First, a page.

Dovrefjell-Sunndalsfjella National Park was also opened. Following the
expansion, it is now only approximately 1 kilometre from the northern
border of Rondane to the southern border of
Dovre National Park, and
large sections of adjacent mountain areas are protected by the three
Geology in Rondane; the rock shows signs of sedimentation.
The bedrock in Rondane comes from a shallow sea floor, created 500 to
600 million years ago. From this, changes in the Earth's crust created
a mountain area of metamorphic rock and quartz. There are no fossils
found in Rondane today and so it is thought the sea where the rock
came from contained no animal life.
The present landscape was mostly formed by the last ice age, nine to
ten thousand years ago. At that time large quantities of ice were
formed, and it is believed that the ice melted gradually in shifting
cycles of melting and ice accumulation. The ice melting must have been
rapid when it happened, digging deep river valleys.
Rondane contains a few small canyons which were created by the rapid
ice melting, most prominently Jutulhogget and Vesle-Ula.
Rondane is one of the few places in
Scandinavia and Europe where wild
reindeer (as opposed to the domestic breed) are found. The
Directorate for Nature Management regards Rondane as "especially
important as a life supporting area for the native reindeer". It is
estimated that approximately 2000 to 4000 reindeer live in Rondane and
Dovre area. To protect the reindeer population in their
core area, during the last ten years[update] hiking trails have been
moved. The park was also enlarged in 2003 to provide increased
protection for the reindeer.
Other large game, including roe deer and elk (moose) are commonplace
along the rims of the park and occasionally musk ox from
Dovre can be
seen. Wolverines, lynxes, and a small population of bears are also
present, while wolves are rare.
The reindeer largely rely on the lichen and reindeer moss that grow
together with heather and hardy grass on the quite arid and
nutrient-poor stony plateaus. The lichen provide food for the
reindeer, but also fertilize the earth, making it possible for less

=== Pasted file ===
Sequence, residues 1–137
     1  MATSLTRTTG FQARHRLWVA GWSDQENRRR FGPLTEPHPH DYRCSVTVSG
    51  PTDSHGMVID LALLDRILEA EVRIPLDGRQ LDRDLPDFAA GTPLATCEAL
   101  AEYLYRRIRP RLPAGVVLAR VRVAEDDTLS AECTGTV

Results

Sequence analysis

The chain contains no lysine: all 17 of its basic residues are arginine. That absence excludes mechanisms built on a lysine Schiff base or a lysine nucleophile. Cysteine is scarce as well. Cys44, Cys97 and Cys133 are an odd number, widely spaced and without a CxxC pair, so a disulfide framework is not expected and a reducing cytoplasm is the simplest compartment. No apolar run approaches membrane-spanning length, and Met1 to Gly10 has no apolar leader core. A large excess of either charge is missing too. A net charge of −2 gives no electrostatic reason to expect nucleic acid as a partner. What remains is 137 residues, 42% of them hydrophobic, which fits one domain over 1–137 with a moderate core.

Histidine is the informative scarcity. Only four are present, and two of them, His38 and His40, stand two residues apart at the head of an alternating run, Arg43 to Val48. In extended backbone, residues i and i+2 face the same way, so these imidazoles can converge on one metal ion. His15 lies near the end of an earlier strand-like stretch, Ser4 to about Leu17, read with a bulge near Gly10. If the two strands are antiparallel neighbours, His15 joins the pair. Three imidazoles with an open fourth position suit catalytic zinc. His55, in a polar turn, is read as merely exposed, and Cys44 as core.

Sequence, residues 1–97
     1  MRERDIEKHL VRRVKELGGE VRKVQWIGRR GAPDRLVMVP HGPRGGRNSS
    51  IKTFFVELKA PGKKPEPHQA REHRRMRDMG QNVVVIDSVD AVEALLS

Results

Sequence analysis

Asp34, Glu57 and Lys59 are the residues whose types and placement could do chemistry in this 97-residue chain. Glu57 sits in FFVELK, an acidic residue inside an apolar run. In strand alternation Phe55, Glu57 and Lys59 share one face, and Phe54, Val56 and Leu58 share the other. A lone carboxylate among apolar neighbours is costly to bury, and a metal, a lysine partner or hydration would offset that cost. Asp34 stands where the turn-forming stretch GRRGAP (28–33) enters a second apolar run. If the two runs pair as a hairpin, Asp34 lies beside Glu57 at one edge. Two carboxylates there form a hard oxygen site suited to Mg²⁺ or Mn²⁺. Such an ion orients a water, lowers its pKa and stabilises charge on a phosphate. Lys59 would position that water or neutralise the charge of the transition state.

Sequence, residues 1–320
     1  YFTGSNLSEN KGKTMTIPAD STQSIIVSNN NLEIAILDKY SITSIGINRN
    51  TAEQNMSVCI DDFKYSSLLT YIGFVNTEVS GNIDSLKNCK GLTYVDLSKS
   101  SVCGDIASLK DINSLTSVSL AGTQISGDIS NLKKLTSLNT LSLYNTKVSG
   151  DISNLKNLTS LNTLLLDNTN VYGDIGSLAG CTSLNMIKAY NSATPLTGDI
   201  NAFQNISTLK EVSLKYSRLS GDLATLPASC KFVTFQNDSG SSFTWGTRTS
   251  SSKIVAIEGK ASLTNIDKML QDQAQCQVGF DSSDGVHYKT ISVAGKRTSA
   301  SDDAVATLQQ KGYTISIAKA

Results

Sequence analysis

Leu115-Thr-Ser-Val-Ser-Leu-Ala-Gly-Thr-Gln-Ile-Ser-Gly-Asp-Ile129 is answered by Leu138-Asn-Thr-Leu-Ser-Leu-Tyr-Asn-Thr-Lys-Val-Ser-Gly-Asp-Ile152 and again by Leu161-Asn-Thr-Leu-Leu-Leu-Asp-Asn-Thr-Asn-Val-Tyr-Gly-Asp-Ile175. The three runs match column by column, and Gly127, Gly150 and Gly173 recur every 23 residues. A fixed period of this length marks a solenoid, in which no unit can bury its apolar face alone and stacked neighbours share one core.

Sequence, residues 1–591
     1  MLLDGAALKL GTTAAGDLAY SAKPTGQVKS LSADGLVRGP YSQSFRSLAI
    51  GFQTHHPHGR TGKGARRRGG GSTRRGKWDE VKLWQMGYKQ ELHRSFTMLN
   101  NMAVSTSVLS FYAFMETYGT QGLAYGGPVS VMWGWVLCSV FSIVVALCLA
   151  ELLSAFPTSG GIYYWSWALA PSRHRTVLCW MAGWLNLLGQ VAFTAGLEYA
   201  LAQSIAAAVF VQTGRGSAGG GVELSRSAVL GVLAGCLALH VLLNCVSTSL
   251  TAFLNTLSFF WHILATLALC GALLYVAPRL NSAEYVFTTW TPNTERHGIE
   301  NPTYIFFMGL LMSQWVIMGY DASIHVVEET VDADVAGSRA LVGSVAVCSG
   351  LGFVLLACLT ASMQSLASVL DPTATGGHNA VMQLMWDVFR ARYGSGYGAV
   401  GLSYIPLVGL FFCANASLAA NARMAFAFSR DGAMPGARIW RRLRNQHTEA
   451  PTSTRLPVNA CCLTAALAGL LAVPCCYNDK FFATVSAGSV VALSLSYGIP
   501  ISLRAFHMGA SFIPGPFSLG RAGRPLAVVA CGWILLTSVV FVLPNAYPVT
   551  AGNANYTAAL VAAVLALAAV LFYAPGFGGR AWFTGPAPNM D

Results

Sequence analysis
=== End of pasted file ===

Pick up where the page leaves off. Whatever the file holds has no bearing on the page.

hardy plants to grow, and mice and lemmings to feed. One of the flower
species to survive very well is the Glacier Crowfoot, found up to 1700
metres (5580 ft).
Red T-markings show the way on marked trails.
Visitors to Rondane are free to hike and camp in all areas of the
park, except in the immediate vicinity of cabins. Apart from being
closed for motor traffic, not many special regulations apply. Fishing
and hunting is available to licensees.
Mountain Touring Association (DNT) is an association
that owns and manages a network of mountain cabins in the service of
hikers. In Rondane, there is a central cabin by the southern end of
the lake Rondvatnet, Rondvassbu. There is also Dørålseter and
Bjørnhollia at the northern and eastern rims of the park. All three
cabins are manned, and provide food and limited accommodation
(possible to book beforehand). There are also un-manned cabins in the
Park, like Eldåbu where a key is needed.
DNT also mark trails in the Park, with red Ts that are easy to spot.
The T-trails lead the way cabin-to-cabin, as well as marking the path
to some of the peaks close to Rondvatnet. Recently, some of the trails
have moved slightly to avoid the core areas of the wild reindeer.
The service cabins are also open during the winter season, although
they are sometimes only self-serviced off season. Ski trails are
marked and sometimes prepared, either by DNT or some of the hotels and
skiing resorts close to the park.
Rondane in literature
The landscapes of Rondane have inspired many Norwegian writers.
Probably the best-known work is
Peer Gynt (1867), a play by Henrik
Ibsen, which is partly set in Rondane:
Act 2, Scene lV
(Among the Ronde mountains. Sunset. Shining snowpeaks all around.
Peer Gynt enters, dizzy and bewildered.)
Tower over tower arises!
Hei, what a glittering gate!
Stand! Will you stand! It's drifting
further and further away!
With this scene, Ibsen wrote Rondane into one of the 19th centuries
better-known plays and made Rondane a symbol for Norway.
Peter Christen Asbjørnsen, writer and gatherer of Norwegian folk
tales in the mid-19th century, collected many stories connected with
Rondane, including Peer Gynt, the story that inspired Ibsen. A third
writer who set one of his famous works in Rondane is the poet Aasmund
Olavsson Vinje with his poem Ved Rundarne.
Rondane is the finite plural of the word rond. Several mountains in
the area have the ending -ronden (Digerronden, Høgronden, Midtronden,
Storronden and Vinjeronden), and this is the finite singular of the
same word. The word rond was probably originally the name of the long
and narrow lake
Rondvatnet ('Rond water/lake') - and the mountains
around were then named after this lake. For the meaning see under
Tourism in Norway
Norwegian Trekking Association
List of national parks of Norway
Dovre National Park
Dovrefjell-Sunndalsfjella National Park
^ Directorate for Nature Management —
Rondane National Park
Rondane National Park Archived
2004-09-26 at the Wayback Machine.
Norwegian Directorate for Nature Management on Rondane[permanent
(in Norwegian) Barth, Edvard K, et al. Rondane. Gyldendal norsk
Wikimedia Commons has media related to Rondane.
Norwegian Directorate for Nature Management map of Rondane
Images from Rondane
National parks of Norway
Skarvan and Roltdalen